(By default listens on a single interface, the first one it finds. It seems arpwatch services may be configured to launch one per interface?)



You can ignore IP ranges with -z

Reports and statistics

This article/section is a stub — some half-sorted notes, not necessarily checked, not necessarily correct. Feel free to ignore, or tell me about it.

System/traffic reports

  • darkstat (standalone: snoops off interface, reports via embedded web server and simple graphs)
  • ntop does traffic analyses and rrd-style graphs (host-focused)

See also this list

Availability/health monitoring


Log analysis

(See also Web log analysis notes)


Lower level tools

This article/section is a stub — some half-sorted notes, not necessarily checked, not necessarily correct. Feel free to ignore, or tell me about it.

(relatively lower, or very-specific-purpose)

Utilities

  • lft ('layer four traceroute') [3]
  • bing
  • dnstracer

netcat

There are two distinct things called netcat

  • the original [7]
  • the BSD implementation [8]

The idea is the same but some behaviour differs, e.g. when things are output.

(Note that nc is sometimes symlink to mc, the midnight commander, because it's an imitation of norton commander)


Uses of netcat include talking to your web server:

# the -e is there so that \n gets interpreted as a newline
echo -e 'GET / HTTP/1.0\n' | netcat localhost 80


The utility can also create a listening (-l) TCP server (default) or UDP server (-u option) on a port, say 1111 (-p 1111):

netcat -l -p 1111
netcat -l -u -p 1111

These will echo what they get. Since this uses stdin/stdout, this can be used for simple network pipes.

netcat servers can be useful to see whether connections are getting through, and see what's happening on them (try a lot of verbosity through -vv), which can be useful e.g. in protocol testing and testing whether your firewall is being overly protective.


You can do some basic port scanning, for example with a one-second timeout after connect, port 10-500)

netcat -v -w 1 localhost -z 10-500


things like netcat

Variations on netcat include:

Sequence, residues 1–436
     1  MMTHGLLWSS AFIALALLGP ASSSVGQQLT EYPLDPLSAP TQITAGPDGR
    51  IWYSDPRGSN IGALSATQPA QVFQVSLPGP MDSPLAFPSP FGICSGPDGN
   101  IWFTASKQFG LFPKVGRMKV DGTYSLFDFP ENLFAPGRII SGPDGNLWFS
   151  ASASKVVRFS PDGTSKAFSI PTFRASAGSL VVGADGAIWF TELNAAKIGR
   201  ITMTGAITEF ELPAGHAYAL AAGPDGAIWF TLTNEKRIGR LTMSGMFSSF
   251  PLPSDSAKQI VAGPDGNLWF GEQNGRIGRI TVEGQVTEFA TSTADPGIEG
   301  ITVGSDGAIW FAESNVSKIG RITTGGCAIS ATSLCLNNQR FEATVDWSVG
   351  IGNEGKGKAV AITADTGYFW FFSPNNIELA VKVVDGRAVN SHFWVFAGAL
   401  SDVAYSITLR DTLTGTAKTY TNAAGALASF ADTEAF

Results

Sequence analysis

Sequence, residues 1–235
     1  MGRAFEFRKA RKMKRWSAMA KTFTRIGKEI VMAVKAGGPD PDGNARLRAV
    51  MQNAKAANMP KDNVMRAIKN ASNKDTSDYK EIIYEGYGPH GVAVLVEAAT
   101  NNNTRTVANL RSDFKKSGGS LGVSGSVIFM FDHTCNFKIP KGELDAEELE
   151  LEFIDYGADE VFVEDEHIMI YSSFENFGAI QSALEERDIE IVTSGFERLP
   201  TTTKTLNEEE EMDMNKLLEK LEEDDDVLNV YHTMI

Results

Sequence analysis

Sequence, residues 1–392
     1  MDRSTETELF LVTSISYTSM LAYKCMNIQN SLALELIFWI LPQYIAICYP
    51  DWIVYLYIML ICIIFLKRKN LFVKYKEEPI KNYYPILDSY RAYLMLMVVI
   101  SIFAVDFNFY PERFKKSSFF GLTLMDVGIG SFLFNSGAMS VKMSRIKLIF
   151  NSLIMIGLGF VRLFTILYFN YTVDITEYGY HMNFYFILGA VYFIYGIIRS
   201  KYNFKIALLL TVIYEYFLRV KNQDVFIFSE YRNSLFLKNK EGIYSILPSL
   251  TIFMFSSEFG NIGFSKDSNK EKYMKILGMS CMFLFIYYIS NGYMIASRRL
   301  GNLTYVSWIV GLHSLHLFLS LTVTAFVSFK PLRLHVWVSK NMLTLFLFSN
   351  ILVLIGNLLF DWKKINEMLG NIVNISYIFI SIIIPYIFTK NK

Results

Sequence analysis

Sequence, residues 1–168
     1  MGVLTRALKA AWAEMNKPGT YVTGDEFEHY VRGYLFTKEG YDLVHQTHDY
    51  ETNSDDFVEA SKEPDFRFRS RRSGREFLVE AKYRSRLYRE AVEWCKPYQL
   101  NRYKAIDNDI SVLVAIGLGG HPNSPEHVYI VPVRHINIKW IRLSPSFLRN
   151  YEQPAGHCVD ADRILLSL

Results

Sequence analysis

generalized in that it can connect to a file, pipe, device, socket (Unix, IP4, IP6, raw, UDP, TCP), SSL, and some proxies
and can relate between these
http://freshmeat.sourceforge.net/projects/socat/
  • nmap's ncat
https://nmap.org/ncat/
https://nmap.org/ncat/guide/index.html


  • pnetcat - python implementation of netcat
http://stromberg.dnsalias.org/~strombrg/pnetcat.html


  • the /dev/tcp device, see e.g. [10]

More specialized

  • cryptcat
adds (twofish) encryption, so that you can transfer data without it being easily snoopable(verify)
http://cryptcat.sourceforge.net/
  • netcopy & netsend - plain file sending


  • packet sender
https://packetsender.com/
  • hping
https://en.wikipedia.org/wiki/Hping


Dead homepage?

  • sbd
sometimes noted to be a trojan, mostly because it allows remote execution
http://www.cycom.se/dl/sbd
  • emcast (sort of a multicast netcat)



Packet creation

Speed limit/stress testing



IP-to-location lookup

hostip

http://www.hostip.info/

Looks interesting and detailed, though it seems that you'll have to your own indexing.

Maxmind GeoIP

Has decent-resolution free (requires attribution) data sets, GeoLite:

There are better-resolution versions for pay.

Caching options:

  • None: GEOIP_STANDARD: reads everything from disk
  • Index only: GEOIP_INDEX_CACHE: index stored in memory, record read form disk: faster than standard, less memory usage than full. Often the smart choice for the more detailed datasets (like city)
  • Full: GEOIP_MEMORY_CACHE: Everything is loaded once and ket in memory and GEOIP_CHECK_CACHE same, but check the filesystem whether the db has changed and reload if so

IP2Location

http://www.ip2location.com/

Seems annoyingly paid-for.